Okay great, so now you have a formula that looks, more or less, like this:

Application + GRE + Transcript = $100x + $205 + $27x + $8x = $135x + $205.

I applied to 7 programs so if we do that math, I should have spent $1,150. BIG YIKES!!! But actually, I only ended up spending $401.50 on applying to grad school. That’s a savings of 65% …if I did math right. I would like to reiterate that this number does not include interview costs. That’s later down the line.

Okay, it’s worth noting here that my original list had 6 programs, one got added in later in the process, so I budgeted for 6. That means that before I began applying and really considering the programs on my list, my budget for applying was a little over $1000 at $1015 for 6 programs. Now, if you get to this number and you know you can not afford it, do not fret. It’s just a budget number. Clearly, I spent less than that. If it really makes you uncomfortable, as money typically does, then reduce your number of programs temporarily. If you plugged in 6 schools like me, but applying to 4 is really what you can feasibly do without losing sleep or sacrificing any basic needs (before any fee waivers or discounts), then just keep that number in your head when ranking programs. Schools can always be added later, which I also did.

Okay so now we have our budget. The maximum number I can afford to spend ($1015). What now?

applying strategically

Screen Shot 2020-06-16 at 10.10.49 AM
Figure 1. List of original 6 programs and faculty members.

Alright, let’s work on that list of programs you made. I’ll just use my list, I’m sure the programs won’t mind. Here’s a screen shot of my original 6 (Figure 1). Where did I find these guys?! Good question, that may be a little out of the scope of this post, but I can briefly talk about it. Melissa was my undergraduate advisor and she is lovely. She got me excited about research and guided me through my first round of applications during undergrad, which I no longer recommend personally, but others might tell you differently. A different post for another time. We talked about me applying to work with her again, so she went on my list. Then the rest came from reading literature in what I’m interested in and monitoring the CogDevListserv, the Psych Grad School Wiki, and even Twitter. I think most fields have some sort of general Listserv where people post openings for jobs or PhD students, but this is what the Cog-Dev world uses.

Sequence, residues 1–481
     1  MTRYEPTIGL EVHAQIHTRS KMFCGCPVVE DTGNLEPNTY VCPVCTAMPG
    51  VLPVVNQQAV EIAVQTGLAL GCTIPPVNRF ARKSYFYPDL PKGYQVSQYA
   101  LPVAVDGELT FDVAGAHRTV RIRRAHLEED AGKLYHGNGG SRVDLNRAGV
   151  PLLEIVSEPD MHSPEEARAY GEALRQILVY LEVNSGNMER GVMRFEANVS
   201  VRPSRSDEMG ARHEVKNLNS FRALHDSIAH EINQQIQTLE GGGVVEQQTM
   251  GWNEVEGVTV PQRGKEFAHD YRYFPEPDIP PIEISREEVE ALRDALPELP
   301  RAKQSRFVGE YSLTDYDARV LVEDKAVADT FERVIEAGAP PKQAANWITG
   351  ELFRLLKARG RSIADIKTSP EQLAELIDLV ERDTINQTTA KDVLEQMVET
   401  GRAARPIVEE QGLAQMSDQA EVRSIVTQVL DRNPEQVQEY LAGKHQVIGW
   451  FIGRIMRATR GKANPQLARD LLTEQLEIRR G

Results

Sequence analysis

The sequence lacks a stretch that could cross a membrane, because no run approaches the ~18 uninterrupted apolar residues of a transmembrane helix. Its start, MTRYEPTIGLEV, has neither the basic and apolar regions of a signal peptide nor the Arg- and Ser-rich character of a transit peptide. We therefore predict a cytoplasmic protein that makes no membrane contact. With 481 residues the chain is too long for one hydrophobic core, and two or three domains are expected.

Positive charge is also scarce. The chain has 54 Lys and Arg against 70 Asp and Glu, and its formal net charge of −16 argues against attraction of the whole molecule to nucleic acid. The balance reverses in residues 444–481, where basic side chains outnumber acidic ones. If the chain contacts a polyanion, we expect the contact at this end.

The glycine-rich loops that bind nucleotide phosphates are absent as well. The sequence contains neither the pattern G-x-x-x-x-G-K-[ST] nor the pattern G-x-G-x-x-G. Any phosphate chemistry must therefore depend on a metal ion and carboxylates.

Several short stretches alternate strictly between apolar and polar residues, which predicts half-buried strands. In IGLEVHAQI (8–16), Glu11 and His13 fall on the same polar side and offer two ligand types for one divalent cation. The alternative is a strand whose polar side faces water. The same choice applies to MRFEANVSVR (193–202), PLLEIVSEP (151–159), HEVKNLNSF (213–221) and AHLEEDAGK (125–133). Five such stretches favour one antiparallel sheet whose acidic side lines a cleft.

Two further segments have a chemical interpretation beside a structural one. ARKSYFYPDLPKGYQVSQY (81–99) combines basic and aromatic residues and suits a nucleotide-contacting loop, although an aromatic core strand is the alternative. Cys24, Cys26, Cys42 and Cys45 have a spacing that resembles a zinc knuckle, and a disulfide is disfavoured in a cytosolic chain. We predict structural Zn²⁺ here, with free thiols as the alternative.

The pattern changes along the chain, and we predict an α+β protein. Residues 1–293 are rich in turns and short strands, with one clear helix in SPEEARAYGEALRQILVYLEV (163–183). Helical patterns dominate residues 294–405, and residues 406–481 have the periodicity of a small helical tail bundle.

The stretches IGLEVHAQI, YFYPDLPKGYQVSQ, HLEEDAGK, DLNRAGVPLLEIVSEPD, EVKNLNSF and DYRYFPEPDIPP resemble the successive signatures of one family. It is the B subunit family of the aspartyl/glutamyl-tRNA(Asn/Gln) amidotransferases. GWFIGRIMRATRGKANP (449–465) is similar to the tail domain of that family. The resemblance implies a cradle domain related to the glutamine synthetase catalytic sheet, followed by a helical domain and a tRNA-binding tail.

Screen Shot 2020-06-16 at 10.25.44 AM
Figure 2. List of faculty members of interest and alternative faculty members.

Okay great, so I had my list. Next step was taking a look at the program and other faculty in the program that fit my interest. If I couldn’t find at least two other faculty members who were of some interest to me, I removed them from my list. Luckily, all 6 programs had two other people. This was my second round of applications for graduate school, so I knew what to look for initially. Why is finding other faculty members important? Well, you want to apply to programs that will support you and make you a stronger researcher. Certainly, the advisor you pick is the most important person, but having the option to actively collaborate with other faculty members is a very enticing factor. Also, sometimes you get to graduate school and realize that the mentor you picked wasn’t the best fit, but because you chose a program that had more faculty members of interest you have options! Here’s a screenshot of that additional list (Figure 2).

Okay, you can just apply now. JUST KIDDING, DO NOT DO THAT. It would be a waste of your money to just blindly apply to your list. First thing, if they did not explicitly post that they were looking for students somewhere (Listserv, Twitter, Wiki), you need to make sure they are. Some faculty members don’t have room in their lab, funding for another student, or just do not want to take another student. This brings us to a very important section.

The Introduction Email. 

Screen Shot 2020-06-16 at 10.34.13 AM
Figure 3. Sample introduction e-mail to prospective graduate school advisor.